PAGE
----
Sex cord stromal tumours are derived from the granulosa and theca interna cells that exist to support the ovum.
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The uterus is a secondary sex organ – this means that it matures only once puberty has begun. Anatomically, it is made up of the fundus (superior) and body. It has two main components:
The myometrium is the smooth muscle layer of the uterus which is used to expel the fetus during labour or the menstrual blood during a period.
Fibroids (also known as leiomyomas) are common, benign, well circumscribed tumours that are oestrogen dependent, this means they enlarge during pregnancy and with use of oestrogen-containing contraceptives, and that they regress following the menopause. They are normally asymptomatic, unless large, which can present with menorrhagia, urinary frequency, pelvic pain and fertility issues.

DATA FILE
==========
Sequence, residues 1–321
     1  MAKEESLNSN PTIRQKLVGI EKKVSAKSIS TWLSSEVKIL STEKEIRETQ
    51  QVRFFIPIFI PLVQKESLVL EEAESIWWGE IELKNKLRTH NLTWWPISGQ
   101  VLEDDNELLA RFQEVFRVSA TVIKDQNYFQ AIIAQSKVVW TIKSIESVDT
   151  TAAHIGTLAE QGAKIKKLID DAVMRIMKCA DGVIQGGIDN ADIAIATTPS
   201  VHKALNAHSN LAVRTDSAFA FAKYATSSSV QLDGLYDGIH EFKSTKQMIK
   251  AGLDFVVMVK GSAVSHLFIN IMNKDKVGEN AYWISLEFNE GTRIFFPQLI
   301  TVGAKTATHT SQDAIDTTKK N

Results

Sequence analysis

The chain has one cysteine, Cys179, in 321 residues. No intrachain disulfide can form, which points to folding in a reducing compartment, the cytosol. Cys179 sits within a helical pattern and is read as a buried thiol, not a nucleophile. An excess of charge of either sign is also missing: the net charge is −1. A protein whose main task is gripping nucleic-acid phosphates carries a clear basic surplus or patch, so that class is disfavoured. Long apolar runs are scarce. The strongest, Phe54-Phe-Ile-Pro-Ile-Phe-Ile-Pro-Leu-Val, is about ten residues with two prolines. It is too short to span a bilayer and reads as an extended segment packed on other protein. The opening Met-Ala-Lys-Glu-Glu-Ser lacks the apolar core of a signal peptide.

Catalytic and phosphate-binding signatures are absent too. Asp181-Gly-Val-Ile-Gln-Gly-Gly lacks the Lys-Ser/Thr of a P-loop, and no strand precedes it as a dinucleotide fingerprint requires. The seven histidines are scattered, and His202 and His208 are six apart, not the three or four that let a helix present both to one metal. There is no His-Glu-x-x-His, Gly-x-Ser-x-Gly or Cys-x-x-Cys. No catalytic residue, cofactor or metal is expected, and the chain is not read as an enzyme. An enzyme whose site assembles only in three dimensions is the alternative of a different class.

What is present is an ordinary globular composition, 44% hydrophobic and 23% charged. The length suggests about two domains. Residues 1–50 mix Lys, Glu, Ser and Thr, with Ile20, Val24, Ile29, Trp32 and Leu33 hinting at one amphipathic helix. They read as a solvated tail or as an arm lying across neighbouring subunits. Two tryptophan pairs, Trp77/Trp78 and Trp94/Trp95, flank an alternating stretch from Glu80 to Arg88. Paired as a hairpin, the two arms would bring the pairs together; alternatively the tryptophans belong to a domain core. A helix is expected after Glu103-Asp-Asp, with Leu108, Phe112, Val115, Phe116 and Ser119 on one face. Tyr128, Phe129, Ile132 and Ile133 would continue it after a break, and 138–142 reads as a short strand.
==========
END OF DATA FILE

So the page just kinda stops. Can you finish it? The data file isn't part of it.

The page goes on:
Malignant tumours of the myometrium such as leiomyosarcoma are possible, but rare.
Endometrial cancer is the commonest gynaecological cancer in the UK (source), and has peak incidence in post-menopausal women. It is an adenocarcinoma (derived from glandular tissue), and is responsive to oestrogen, meaning that circumstances which increase oestrogen exposure (such as early menarche, late menopause, tamoxifen use or oestrogen only hormone replacement therapy) increase the risk of developing endometrial cancer.
The presentation of endometrial cancer is normally abnormal bleeding patterns, typically intermenstrual or, due to the commoner ages of presentation, post-menopausal bleeding. If it is suspected, it can be investigated with an ultrasound scan. A thickened endometrium warrants further investigation.